Published on January 28th, 2020 | by Guy Warner0
Book Review – Aero-Neurosis
Pilots of the First World War and the Psychological Legacies of Combat by Mark C Wilkins 162 pages HB, 30 B&W illustrations, Pen & Sword £19.99 ISBN 1526723123
Airmen in the Great War were subject to conditions never before experienced in warfare. They faced death and injury from enemy action, as in all previous wars, but now also put themselves at hazard to life and limb, fighting entirely alone in a single- seater (or accompanied by an observer in a two-seater) above the field of battle. Potentially lethal factors to be faced almost every day, or occupying their waking thoughts and dreams, now included mechanical or structural failure of their frail craft, adverse weather, oxygen starvation, extreme cold and facing the challenge of returning safely to earth when exhausted, scared witless or wounded – or any combination of these. Any with imagination or who had witnessed friend or foe falling to their doom, had a horror of going down in flames and burning to death. They also felt a form of survivors’ guilt, returning to a well-stocked mess, hot food, a warm bath, a comfortable bed and a copious supply of alcohol, while their contemporaries roughed it in mud-filled trenches. Pilots were almost all officers and apart from the OC and Flight Commanders, had few, if any men to command. Many were little more than boys, drawn to this ‘tumult in the clouds.’ Considerable numbers of earthbound Tommies suffered from the new phenomenon of shell shock, more properly known as combat fatigue or in the deeply unsympathetic view of some senior officers – lack of moral fibre. Airmen were not immune to similar mental stress and breakdown.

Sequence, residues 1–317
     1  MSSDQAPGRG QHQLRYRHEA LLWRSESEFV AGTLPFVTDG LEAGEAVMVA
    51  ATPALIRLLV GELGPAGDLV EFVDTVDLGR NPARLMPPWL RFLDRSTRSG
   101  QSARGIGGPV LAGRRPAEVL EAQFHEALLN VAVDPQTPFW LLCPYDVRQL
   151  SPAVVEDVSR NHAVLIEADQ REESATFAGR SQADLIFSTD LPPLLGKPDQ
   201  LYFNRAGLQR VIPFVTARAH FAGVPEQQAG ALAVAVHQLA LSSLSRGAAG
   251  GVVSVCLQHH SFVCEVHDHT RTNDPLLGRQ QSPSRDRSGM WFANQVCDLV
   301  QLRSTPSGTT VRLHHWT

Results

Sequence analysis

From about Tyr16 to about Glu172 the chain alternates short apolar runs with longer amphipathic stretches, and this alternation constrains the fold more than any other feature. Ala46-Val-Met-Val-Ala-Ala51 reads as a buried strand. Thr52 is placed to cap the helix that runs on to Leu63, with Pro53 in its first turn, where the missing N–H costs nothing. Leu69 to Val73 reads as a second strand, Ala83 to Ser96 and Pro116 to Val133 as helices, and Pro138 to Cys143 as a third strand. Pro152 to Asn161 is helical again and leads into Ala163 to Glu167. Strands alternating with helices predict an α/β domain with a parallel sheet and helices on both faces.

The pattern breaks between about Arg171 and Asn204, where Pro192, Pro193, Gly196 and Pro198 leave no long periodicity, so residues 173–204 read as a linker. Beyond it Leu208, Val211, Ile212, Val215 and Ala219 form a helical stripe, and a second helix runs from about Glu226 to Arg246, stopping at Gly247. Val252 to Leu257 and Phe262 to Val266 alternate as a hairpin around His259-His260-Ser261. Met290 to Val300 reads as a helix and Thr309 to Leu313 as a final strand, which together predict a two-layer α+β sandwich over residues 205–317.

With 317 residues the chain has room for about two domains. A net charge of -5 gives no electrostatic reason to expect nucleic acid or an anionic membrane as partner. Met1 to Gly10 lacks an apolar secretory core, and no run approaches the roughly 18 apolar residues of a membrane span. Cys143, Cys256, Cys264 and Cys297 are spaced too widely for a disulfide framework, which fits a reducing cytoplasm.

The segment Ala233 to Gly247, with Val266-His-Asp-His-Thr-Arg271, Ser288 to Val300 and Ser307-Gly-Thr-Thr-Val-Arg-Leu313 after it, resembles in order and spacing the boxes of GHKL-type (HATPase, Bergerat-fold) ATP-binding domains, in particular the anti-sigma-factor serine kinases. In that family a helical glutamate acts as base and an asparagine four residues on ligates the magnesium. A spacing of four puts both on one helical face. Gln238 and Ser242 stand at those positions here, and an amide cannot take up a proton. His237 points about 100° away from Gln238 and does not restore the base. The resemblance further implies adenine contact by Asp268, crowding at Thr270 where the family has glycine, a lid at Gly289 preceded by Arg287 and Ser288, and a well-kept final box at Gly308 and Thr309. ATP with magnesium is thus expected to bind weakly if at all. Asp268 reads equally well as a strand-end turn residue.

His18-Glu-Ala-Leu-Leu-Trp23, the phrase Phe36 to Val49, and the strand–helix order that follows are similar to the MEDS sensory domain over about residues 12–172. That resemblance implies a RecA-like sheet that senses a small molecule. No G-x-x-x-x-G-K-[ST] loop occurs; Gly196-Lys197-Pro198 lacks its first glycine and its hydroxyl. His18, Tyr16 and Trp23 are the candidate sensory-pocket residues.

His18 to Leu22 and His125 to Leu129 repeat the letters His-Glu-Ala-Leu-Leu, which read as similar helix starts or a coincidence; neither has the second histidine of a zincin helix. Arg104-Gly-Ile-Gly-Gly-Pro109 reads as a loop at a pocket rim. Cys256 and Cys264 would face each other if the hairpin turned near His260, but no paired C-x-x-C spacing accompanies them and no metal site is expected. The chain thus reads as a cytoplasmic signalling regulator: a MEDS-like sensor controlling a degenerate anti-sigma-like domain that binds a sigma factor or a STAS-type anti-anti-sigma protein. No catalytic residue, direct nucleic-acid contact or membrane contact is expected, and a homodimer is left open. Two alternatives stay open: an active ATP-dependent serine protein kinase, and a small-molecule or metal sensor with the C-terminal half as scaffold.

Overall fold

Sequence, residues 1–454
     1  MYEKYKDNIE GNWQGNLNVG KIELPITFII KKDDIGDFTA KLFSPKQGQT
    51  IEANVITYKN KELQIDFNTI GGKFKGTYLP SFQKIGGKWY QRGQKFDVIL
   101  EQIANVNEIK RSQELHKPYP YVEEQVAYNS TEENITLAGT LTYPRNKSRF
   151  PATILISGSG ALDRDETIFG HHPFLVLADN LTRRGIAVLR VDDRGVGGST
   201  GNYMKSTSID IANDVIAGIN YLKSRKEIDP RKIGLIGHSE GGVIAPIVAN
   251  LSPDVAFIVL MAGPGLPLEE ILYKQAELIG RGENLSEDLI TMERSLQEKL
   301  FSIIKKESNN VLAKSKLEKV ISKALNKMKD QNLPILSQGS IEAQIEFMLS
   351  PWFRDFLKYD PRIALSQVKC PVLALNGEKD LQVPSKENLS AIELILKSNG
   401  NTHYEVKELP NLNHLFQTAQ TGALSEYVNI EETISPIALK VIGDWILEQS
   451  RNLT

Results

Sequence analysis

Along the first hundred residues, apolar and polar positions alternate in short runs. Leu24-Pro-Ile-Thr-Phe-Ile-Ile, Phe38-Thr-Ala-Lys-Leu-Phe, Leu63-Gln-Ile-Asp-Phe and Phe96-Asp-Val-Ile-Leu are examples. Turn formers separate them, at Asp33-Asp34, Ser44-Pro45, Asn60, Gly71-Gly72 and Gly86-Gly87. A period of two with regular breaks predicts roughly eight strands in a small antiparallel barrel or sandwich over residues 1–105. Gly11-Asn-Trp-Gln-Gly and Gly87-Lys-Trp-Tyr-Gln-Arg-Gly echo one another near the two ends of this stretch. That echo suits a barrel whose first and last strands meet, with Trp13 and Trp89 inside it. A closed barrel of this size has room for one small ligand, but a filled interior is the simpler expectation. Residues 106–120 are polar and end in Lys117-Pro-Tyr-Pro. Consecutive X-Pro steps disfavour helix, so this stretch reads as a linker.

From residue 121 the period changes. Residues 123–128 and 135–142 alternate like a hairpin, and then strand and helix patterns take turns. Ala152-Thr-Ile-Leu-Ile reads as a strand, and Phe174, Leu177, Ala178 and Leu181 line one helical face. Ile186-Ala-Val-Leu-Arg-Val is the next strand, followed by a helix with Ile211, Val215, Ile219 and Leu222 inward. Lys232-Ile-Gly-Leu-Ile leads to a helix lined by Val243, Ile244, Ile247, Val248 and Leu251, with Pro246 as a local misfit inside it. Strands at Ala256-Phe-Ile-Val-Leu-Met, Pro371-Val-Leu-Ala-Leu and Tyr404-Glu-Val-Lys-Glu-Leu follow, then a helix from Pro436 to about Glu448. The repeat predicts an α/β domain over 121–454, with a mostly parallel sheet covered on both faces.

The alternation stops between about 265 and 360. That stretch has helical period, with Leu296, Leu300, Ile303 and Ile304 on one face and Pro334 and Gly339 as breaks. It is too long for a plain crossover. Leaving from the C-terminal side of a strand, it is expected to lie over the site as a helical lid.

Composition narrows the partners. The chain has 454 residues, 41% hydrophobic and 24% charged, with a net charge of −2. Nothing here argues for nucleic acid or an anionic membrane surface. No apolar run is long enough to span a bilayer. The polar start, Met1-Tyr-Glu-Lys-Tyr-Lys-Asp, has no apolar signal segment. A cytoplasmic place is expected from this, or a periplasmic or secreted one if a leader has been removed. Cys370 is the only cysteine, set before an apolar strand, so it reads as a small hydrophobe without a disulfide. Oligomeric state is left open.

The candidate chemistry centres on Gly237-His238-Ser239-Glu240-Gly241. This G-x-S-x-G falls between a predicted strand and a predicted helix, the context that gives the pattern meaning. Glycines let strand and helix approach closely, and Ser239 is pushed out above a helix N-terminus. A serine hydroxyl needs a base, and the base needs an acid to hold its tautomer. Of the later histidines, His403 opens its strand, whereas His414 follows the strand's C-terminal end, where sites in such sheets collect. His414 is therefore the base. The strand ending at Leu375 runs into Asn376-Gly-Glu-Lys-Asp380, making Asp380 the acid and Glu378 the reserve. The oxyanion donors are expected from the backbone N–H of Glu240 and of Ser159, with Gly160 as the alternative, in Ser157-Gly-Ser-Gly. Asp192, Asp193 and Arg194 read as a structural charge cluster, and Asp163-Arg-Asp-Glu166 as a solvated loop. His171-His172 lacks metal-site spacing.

For an excellent first hand description of the effect of combat stress on airman in general and Sopwith Camel pilots in particular, I would highly recommend Winged Victory by VM Yeates and also Captain WE Johns’ description of Biggles in his early story, The White Fokker. Camel pilots had an extra difficulty, the rotary engine was lubricated by castor oil, the fumes and droplets of which blew back into their faces. The effect on their digestive system was profound and caused many to live off a diet of whisky and cigarettes.
If they lived long enough, pilots would go through a typical three stages – learning the ropes of flying in combat, while terrified, becoming an experienced war flyer in control of himself and his environment and finally, having taken the bucket to the well too often, running out of emotional capital and courage, becoming fatalistic and careless.
The only form of relief from stress and danger was to send pilots back to Home Establishment for a ‘rest period’ on a training squadron, where overstretched nerves could be further torn asunder by ham-fisted trainees.
Beginning with a brief survey of mechanised warfare in general before moving on specifically to hazards encountered by aviators, the author then examines the lives of six airmen, two Americans, Elliott White Springs and William Lambert, the Canadian, Roy Brown, Anglo-Irishman, Edward Mannock, Ernest Udet from Germany and the Frenchman, Georges Guynemer. In each chapter he quotes extensively from their own writings and those of their contemporaries. The most cogent summary of his thesis is made on pages 123-24 by RAF psychiatrist, Squadron Leader EW Craig, who lists 18 causes of combat stress in a paper written in 1922.
This is an interesting introduction to a deep and complicated subject. In length it is more of an extended essay but it is certainly worth ordering from the library.